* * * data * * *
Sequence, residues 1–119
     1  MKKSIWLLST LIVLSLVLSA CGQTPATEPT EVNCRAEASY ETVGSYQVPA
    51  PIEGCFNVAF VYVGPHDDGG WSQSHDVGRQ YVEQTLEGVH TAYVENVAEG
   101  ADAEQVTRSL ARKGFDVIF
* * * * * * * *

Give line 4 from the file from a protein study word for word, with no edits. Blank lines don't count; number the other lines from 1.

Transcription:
   101  ADAEQVTRSL ARKGFDVIF